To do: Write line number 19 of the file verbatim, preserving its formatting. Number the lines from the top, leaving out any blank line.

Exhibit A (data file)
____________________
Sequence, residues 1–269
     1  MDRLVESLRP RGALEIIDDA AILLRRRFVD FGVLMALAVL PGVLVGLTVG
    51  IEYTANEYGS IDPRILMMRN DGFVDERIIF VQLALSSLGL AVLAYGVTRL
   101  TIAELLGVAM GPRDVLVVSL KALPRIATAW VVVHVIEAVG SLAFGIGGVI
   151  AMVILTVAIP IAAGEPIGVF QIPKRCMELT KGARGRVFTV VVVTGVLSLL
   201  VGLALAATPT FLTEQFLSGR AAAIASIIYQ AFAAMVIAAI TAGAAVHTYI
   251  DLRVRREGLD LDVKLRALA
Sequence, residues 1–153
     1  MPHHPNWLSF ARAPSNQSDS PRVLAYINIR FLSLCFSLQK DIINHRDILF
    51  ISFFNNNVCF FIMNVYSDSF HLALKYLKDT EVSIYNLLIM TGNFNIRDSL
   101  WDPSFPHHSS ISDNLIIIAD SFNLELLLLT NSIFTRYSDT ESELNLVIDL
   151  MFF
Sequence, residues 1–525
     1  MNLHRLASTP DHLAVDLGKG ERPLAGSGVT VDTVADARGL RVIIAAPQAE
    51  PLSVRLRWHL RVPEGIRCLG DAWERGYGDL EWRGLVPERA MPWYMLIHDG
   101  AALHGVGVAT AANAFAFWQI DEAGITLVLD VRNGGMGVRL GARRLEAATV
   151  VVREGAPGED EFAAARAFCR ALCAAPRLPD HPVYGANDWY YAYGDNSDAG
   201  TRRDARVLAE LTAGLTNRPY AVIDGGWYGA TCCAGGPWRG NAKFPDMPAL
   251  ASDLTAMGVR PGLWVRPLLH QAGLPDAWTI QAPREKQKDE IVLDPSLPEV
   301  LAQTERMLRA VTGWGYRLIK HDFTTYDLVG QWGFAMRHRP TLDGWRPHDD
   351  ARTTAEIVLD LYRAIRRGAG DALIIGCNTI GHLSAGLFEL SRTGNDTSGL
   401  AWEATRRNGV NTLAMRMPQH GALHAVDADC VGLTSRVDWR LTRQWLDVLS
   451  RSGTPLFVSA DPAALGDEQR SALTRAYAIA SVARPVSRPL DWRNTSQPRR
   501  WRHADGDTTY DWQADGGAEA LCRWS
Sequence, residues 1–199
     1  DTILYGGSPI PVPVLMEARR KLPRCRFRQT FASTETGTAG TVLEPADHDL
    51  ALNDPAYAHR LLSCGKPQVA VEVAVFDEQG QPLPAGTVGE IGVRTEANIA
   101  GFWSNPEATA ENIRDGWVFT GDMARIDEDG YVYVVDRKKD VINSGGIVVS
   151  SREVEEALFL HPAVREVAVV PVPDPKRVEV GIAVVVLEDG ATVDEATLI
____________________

   251  ASDLTAMGVR PGLWVRPLLH QAGLPDAWTI QAPREKQKDE IVLDPSLPEV